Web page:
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Georgia sees its first day of lifted COVID-19 restrictions



AUGUSTA, Ga. – We’re wrapping up day one of the lifted COVID-restrictions in Georgia. From here on out, there is no state-wide ban on large gatherings and social distancing requirements have been cut back.

It has been a pretty busy day today downtown Augusta with these lifted restrictions.

Many restaurants have been allowed to have more people sitting down to eat. Before tables had to be spaced out six feet apart and now it is cut in about half.

But are restaurant-goers ready to flood back in?

“I’m gonna have to protect myself. And if I think I’m gonna need to put on a mask, then I’m gonna put it on,” said Georgian Judi Beltz, one downtown goer.

COVID restrictions were something she felt should be up to the individual person or business.

“But if it’s crowded and a place I want to be, if there’s a group of people in there I want to be with, I’ll assess the situation, I’ll carry my mask, and I’ll use it or not use it based on that,” said Beltz.

There’s no longer a ban on gatherings of 50 people or more so more people can file into our downtown restaurants.

When asked about Governor Brian Kemp’s plans, the mayor of Augusta Hardie Davis says to still proceed with caution.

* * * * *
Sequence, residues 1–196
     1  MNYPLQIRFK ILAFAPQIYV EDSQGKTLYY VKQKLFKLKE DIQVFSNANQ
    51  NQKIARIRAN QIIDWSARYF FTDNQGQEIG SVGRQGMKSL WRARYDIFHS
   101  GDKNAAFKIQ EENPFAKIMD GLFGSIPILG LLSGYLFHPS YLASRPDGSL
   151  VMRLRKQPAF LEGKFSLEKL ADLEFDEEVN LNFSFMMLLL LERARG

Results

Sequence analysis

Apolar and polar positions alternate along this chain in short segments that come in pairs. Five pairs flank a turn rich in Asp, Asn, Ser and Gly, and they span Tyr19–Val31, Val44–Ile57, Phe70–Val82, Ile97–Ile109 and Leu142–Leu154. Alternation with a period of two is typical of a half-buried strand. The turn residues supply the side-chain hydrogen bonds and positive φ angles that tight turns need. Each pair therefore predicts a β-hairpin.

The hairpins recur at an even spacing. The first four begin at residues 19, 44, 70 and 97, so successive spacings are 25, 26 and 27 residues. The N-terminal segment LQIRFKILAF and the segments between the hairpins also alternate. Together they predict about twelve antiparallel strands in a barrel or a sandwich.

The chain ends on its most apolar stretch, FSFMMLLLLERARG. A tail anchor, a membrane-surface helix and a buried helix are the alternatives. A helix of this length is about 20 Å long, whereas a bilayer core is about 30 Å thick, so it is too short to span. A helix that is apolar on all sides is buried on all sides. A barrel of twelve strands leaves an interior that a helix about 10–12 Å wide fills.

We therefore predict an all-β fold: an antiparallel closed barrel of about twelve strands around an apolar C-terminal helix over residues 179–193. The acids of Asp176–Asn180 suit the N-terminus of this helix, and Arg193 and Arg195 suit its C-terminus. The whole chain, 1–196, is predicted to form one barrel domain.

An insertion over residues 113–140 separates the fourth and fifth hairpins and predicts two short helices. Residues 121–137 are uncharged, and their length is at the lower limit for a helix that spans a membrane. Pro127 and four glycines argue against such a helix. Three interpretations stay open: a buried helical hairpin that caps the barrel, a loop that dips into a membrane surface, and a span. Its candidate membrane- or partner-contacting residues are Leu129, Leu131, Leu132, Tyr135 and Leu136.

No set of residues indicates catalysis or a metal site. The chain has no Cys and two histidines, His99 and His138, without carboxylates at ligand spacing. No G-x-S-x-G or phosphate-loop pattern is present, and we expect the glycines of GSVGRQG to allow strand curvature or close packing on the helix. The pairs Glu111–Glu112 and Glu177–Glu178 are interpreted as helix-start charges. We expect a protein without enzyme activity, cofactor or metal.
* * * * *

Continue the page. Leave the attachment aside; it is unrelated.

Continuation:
“We need to be very measured in how we approach rolling back some of these measures, some of these protections that have been in place,” said Davis.

Some tell us they’re trying to be careful on their own.

“If it were a bit crowded, I’d probably pick another place,” said Troishonna Maloy, downtown goer.

For others, it’s a little bit harder to avoid the temptation.

“If you walked into a restaurant and saw that those tables are not 6 feet apart, would you still wanna eat there? Probably. (laughs) I probably would,” said Makayla Newton, another downtown goer.

But Augusta isn’t back to normal just yet. Employees of bars and restaurants are still required to wear masks while working.

But the new executive order means police can’t shut a restaurant down for not following those rules.

“This virus is real, it’s taking people’s lives, and it’s causing us to have to be measured in everything that we do,” said Mayor Davis.